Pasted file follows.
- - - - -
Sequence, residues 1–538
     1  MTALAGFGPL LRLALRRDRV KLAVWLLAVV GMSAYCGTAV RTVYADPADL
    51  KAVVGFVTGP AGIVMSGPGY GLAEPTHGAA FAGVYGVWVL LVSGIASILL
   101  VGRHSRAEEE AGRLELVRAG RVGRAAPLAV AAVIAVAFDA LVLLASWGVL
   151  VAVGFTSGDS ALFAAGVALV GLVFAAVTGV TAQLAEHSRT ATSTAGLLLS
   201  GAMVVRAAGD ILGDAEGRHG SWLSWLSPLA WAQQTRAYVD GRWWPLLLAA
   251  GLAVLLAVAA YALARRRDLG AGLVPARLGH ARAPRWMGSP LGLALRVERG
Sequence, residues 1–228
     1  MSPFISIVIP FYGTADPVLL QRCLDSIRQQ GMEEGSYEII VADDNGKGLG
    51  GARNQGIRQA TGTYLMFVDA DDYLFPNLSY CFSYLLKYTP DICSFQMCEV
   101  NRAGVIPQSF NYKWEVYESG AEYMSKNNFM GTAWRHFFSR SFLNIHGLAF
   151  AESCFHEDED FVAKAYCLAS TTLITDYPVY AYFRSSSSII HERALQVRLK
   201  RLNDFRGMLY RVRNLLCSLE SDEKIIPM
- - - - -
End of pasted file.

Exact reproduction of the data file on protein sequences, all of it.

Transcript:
Sequence, residues 1–538
     1  MTALAGFGPL LRLALRRDRV KLAVWLLAVV GMSAYCGTAV RTVYADPADL
    51  KAVVGFVTGP AGIVMSGPGY GLAEPTHGAA FAGVYGVWVL LVSGIASILL
   101  VGRHSRAEEE AGRLELVRAG RVGRAAPLAV AAVIAVAFDA LVLLASWGVL
   151  VAVGFTSGDS ALFAAGVALV GLVFAAVTGV TAQLAEHSRT ATSTAGLLLS
   201  GAMVVRAAGD ILGDAEGRHG SWLSWLSPLA WAQQTRAYVD GRWWPLLLAA
   251  GLAVLLAVAA YALARRRDLG AGLVPARLGH ARAPRWMGSP LGLALRVERG
Sequence, residues 1–228
     1  MSPFISIVIP FYGTADPVLL QRCLDSIRQQ GMEEGSYEII VADDNGKGLG
    51  GARNQGIRQA TGTYLMFVDA DDYLFPNLSY CFSYLLKYTP DICSFQMCEV
   101  NRAGVIPQSF NYKWEVYESG AEYMSKNNFM GTAWRHFFSR SFLNIHGLAF
   151  AESCFHEDED FVAKAYCLAS TTLITDYPVY AYFRSSSSII HERALQVRLK
   201  RLNDFRGMLY RVRNLLCSLE SDEKIIPM